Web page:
The strangers

“What you have to understand … Is that sometimes there are forces and events too big, too powerful, with so much at stake for other people or institutions that you cannot do anything about them, no matter how evil or wrong they are and no matter how dedicated or sincere you are or how much evidence you have. This is simply one of the hard facts of life you have to face.”

These words above were addressed to author John DeCamp by William Colby, Director of the CIA from 1973 to 1976. During his tenure the famous “Phoenix” program was going on, and cold-blooded murderers were running about in Vietnam killing thousands of people Obama-style (pre-drone) without judge or jury. (One has to wonder what such highly skilled murderers do when they return stateside after our wars – become accountants? Stock brokers?)

Colby himself met a violent end, face down in the Wicimoco River after an impromptu canoe ride which he decided to take without a life jacket and in the middle of a meal. While I do not wish harm to any person, a man who presided over so much suffering certainly had an appropriate exit. (I have to wonder – did his comrades at CIA decide he had gone soft? The quote above almost seems to be that of a reflective man of conscience.)

I write this because to understand the world we have to understand the minds of others. Power is a magnet, and those who gravitate towards it are often imitation humans looking to participate in the great game. They walk among us, devoid of emotion, killing and destroying lives, thinking nothing of it.

Cord Meyer, for instance, was one of the big guns in the CIA when that agency murdered his ex-wife, Mary Pinchot Meyer, in 1964. As Mr. Colby said above, no matter the evidence, there will be no justice in that matter, but what did Mr. Meyer do? Quit in disgust? Or did he help plan the grisly affair? It would be interesting to occupy that mind for just one day.

We live on a planet inhabited by two species, humans and humanoids. The latter look like us, dress like us, spend their lives learning how to imitate us. But among themselves they are free to be themselves, and they are at work daily making our world more to their liking. Their private gatherings, freed of social constraints, are debauched affairs replete with drunkenness and perversions, pedophilia and occult rituals, as in Bohemian Grove. And man do they have fun!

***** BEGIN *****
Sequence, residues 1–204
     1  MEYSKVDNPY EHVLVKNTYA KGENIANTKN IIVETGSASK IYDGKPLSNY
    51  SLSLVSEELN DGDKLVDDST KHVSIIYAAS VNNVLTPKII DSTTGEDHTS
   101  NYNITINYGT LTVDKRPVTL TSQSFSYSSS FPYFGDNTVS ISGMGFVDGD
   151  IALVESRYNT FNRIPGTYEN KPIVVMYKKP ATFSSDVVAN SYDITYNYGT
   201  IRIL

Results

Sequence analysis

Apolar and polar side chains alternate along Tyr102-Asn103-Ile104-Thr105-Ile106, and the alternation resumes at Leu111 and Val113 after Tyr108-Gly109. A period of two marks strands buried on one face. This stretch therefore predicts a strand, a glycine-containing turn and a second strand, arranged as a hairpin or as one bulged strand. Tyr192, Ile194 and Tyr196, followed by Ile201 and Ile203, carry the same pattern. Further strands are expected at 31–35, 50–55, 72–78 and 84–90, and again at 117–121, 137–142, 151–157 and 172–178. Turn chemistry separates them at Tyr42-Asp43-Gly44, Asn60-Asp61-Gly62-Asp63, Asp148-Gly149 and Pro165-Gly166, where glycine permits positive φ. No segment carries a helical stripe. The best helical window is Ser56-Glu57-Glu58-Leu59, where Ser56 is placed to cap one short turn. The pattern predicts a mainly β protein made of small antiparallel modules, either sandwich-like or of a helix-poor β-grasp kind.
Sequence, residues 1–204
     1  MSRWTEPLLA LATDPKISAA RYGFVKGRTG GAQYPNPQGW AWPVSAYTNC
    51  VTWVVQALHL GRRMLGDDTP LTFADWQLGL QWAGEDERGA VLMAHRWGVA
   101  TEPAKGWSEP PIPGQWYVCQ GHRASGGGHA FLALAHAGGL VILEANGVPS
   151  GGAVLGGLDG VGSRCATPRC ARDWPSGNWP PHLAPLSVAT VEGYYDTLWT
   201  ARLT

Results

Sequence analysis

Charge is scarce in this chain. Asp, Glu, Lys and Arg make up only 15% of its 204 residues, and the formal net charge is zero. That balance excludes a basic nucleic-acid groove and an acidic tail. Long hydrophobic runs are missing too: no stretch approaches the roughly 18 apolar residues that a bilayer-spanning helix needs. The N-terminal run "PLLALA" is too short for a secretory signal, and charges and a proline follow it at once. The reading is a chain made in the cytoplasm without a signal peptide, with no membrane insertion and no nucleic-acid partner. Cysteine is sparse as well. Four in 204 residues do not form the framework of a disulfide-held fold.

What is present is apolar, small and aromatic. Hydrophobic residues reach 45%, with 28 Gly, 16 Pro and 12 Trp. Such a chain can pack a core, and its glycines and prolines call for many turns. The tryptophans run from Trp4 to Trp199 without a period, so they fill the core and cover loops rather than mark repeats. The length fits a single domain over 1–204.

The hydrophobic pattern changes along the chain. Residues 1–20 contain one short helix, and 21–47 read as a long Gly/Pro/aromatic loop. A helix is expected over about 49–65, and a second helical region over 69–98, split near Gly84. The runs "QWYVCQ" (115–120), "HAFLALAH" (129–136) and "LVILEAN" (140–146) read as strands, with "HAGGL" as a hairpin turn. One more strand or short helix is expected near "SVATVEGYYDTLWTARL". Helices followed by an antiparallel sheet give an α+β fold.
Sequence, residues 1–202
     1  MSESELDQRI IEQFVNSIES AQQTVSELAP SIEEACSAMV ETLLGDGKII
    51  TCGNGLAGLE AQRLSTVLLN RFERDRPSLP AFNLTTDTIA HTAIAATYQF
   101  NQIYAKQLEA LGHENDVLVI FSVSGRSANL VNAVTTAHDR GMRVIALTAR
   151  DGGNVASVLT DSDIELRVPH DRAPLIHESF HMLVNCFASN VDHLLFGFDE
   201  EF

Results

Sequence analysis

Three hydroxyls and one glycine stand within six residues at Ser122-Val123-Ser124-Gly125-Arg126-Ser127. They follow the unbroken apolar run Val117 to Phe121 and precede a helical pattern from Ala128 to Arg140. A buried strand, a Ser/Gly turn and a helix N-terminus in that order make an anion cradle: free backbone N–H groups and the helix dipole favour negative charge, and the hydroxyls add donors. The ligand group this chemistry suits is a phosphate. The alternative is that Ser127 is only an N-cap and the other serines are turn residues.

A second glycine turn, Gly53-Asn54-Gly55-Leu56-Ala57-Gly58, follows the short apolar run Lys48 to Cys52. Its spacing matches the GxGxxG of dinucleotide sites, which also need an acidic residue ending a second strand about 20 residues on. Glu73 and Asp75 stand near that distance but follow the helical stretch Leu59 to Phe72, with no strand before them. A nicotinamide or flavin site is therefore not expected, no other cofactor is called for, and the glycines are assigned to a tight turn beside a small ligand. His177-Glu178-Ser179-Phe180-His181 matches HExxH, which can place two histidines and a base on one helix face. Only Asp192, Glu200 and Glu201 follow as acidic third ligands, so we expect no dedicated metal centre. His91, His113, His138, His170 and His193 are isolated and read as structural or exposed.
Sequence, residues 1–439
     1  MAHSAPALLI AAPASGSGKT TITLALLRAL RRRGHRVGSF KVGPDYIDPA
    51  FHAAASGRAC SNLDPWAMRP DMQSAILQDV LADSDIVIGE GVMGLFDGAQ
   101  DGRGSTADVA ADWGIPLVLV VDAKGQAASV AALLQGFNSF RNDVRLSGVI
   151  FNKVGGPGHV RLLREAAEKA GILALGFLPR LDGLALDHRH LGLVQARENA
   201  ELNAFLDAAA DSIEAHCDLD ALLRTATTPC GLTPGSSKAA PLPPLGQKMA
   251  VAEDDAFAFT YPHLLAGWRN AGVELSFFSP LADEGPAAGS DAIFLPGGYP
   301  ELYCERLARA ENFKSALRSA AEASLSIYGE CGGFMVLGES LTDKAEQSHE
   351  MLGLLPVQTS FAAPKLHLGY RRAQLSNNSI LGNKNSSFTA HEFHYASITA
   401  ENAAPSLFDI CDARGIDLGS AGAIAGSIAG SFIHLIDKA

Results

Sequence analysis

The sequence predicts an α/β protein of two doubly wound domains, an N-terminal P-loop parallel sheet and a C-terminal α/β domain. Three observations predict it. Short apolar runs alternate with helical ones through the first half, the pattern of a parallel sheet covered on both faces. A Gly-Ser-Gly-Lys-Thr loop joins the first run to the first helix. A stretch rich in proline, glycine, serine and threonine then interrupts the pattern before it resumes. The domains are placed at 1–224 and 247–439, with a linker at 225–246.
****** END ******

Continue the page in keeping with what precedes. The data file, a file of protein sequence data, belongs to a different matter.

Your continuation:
Theirs is a world just barely hidden in the shadows. We catch a glimpse now and then. Most who come to view it cannot imagine it to really exist, and turn their heads,

In my world and in all my travels and inquiries, the veil has lifted. I see them saunter in and out of positions of power, including the presidency and head broker at the local brokerage firm. In terms of money and power, they win, win, win. It is rare to see any one of them, Bernie Madoff*, for instance, pay a price.

That is simply a hard fact of life, and I have learned to live with it. I do not suffer from the notion that justice exists.
*Madoff, I should add, sits in jail not because of what he did, but who he did it to. He chose powerful victims, a fatal mistake. Had he spent his time scamming regular people, he’d now be sitting in a mansion overlooking the Pacific and sipping wine instead of sitting in a prison cell. What was he thinking?

4 thoughts on “The strangers

  1. Where love rules, there is no will to power; and where power predominates, there love is lacking. The one is the shadow of the other.
    – Carl Jung


    1. To get inside the mind of a sociopath … Very difficult. They can get in ours and imitate us quite well, displaying appropriate behaviors at appropriate times. I would venture most don’t know they are sociopaths, and are just low-functioning people looking for ways to survive this crazy place.

      But for the “high-functioning” ones, it’s a different story. They are adept, like Bill Clinton, at showing one face to the world while at the same time living a depraved existence, virtually a predator. He has savaged women, left them bloody, and his victims find they cannot gain any justice. Spotted by others, understanding himself, and spotting others up the food chain, he moves upward, adept at the game. Bohemian Grove is a huge ‘tell’ where they can come out, let it all go, and feel safe.

      And because power cedes only to those who want power, these are our leaders. The ideal system of governance would be one where leaders are drafted, and anyone who seeks a leadership position is automatically disqualified. That’s the best I can do.


  2. Never underestimate the power of the authoritarians. Orwell warned us.

    “The real division is not between the conservatives and the revolutionaries but between the authoritarians and libertarians.”

    Liked by 1 person

    1. I tend to agree. Most of our debates are false, and when something important comes up, our conservatives and liberals, all authoritarians, form a circle.

      But I do suggest that the American notion of a “libertarian,” a mere market fundamentalist, is at odds with what Orwell would have called such.


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